- The global smart street lighting market is expected to see $28.1 billion in total investment over the next decade, according to a new market forecast published this week by infrastructure intelligence firm Northeast Group. This value includes investments in LED and smart lighting infrastructure and in related sensor investments.
- The study highlights opportunities in the coming decade for consolidation of the "extremely fragmented" vendor landscape, most of which is focused on software — a product expected to reach over $200 million in recurring revenue annually by 2029, Northeast Group reports.
- This forecast marks Northeast Group's sixth edition of the industry standard study, which analyzes the streetlight market across 125 countries. These countries are home to 326 million streetlights, 73% of which will have LED luminaires by the end of the decade, according to the study.
The smart streetlight vendor landscape — which the forecast calls "ripe for consolidation" — remains very fragmented both nationally and globally as several small players compete for a share of the emerging market, said Northeast Group Founder Ben Gardner in an email. From telecom operators to smart grid vendors, many smart city-adjacent market players are looking to streetlights as a canvas for innovation, according to the study.
Despite this abundance of vendors, the geographical breakdown of smart street lighting projects suggests such efforts are not yet widespread across the U.S. A map of notable project locations, shared in the Northeast Group study, shows heavy activity on the East Coast — and nearly none in the West.
"It is true that there has been more activity on the East Coast of the US, especially with large deployments of smart street lighting in the Southeast. This is due more to the ownership issue of streetlights rather than geography," said Gardner, noting large developments in Georgia and Florida driven by investor-owned utilities.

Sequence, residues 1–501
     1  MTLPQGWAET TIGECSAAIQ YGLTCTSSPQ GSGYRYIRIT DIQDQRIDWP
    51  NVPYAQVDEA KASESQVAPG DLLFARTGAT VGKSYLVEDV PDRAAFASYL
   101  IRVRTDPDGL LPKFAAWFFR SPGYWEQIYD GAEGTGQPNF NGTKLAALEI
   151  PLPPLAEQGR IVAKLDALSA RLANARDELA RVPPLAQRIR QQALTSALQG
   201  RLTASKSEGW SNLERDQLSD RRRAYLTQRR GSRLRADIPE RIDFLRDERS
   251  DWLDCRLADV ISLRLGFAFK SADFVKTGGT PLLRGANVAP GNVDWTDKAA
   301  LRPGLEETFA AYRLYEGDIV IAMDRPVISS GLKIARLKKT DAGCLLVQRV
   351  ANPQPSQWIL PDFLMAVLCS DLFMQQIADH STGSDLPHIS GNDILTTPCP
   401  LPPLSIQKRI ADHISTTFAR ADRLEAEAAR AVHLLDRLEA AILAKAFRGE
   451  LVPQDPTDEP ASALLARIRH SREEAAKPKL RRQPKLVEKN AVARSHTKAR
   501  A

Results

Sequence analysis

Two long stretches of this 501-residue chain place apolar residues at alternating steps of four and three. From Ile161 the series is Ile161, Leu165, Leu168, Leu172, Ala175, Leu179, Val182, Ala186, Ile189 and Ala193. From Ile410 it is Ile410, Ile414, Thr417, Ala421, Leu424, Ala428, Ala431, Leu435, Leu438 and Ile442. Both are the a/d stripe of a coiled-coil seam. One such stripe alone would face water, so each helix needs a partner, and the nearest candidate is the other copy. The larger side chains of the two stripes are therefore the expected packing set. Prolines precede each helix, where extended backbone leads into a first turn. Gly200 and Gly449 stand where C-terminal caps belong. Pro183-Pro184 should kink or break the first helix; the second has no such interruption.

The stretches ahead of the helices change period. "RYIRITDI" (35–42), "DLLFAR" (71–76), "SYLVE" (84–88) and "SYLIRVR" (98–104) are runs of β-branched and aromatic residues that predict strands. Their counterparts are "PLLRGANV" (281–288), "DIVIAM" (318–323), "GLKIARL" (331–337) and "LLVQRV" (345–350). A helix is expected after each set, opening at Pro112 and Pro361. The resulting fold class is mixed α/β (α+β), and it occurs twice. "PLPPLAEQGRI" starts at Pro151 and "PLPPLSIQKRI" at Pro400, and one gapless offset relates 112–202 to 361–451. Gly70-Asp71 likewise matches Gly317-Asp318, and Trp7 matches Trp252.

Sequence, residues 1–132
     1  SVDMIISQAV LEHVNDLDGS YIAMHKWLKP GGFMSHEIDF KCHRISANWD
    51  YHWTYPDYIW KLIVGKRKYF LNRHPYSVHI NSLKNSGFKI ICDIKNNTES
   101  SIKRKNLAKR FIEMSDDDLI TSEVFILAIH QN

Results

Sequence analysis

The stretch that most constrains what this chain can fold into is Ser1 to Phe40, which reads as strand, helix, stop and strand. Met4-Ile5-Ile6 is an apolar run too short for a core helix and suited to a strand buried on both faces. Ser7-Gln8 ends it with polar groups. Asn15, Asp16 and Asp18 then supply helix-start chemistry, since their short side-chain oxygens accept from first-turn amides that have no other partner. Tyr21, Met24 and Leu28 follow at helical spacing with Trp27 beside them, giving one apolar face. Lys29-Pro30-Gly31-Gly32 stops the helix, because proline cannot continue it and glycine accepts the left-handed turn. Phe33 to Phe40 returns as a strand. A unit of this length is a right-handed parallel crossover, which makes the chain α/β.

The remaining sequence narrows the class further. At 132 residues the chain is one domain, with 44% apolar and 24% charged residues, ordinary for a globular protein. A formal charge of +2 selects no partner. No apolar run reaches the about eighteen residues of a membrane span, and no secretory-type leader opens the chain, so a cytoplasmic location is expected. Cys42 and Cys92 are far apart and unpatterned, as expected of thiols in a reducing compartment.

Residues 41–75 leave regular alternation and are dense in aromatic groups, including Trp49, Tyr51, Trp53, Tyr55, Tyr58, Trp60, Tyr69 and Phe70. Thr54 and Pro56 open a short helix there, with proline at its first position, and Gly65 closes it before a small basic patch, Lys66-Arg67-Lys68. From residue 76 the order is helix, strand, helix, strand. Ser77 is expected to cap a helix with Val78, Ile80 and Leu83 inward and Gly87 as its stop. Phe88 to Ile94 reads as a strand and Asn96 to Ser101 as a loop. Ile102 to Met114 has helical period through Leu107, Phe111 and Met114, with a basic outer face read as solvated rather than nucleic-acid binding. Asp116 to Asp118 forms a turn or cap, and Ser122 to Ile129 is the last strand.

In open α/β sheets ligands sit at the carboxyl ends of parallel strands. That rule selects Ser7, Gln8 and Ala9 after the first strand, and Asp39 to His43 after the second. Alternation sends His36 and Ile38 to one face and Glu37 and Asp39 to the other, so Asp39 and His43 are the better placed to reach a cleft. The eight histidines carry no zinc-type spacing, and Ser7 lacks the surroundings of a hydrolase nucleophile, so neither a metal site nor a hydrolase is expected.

"In other parts of the country, it is the cities and municipalities that may own the streetlights and decide on deploying smart infrastructure. In fact, there are deployments in the Southwest and West Coast but they may be smaller and therefore are not captured in that specific graphic," Gardner continued, pointing to cities including Tucson, AZ and Los Angeles as locations with significant deployments.
In fact, Los Angeles was at the center of much streetlight hype this year with a first-of-its-kind design competition to find the city's new standard streetlight. The winner of that competition was a design called Superbloom, a "bouquet" concept with extra tubes and arms for features such as shade sails, pedestrian fixtures or solar panels. Earlier this year, Northeast Group said cities are "finally waking up" to the capabilities of smart streetlights.
Streetlight designs and offerings will continue to evolve, Gardner said, as the infrastructure becomes increasingly woven into the application of air quality monitoring, traffic control and other city operations. 5G technology will also be a factor in streetlight evolution as the installation of small cells influence "aesthetically pleasing" smart pole designs, he said.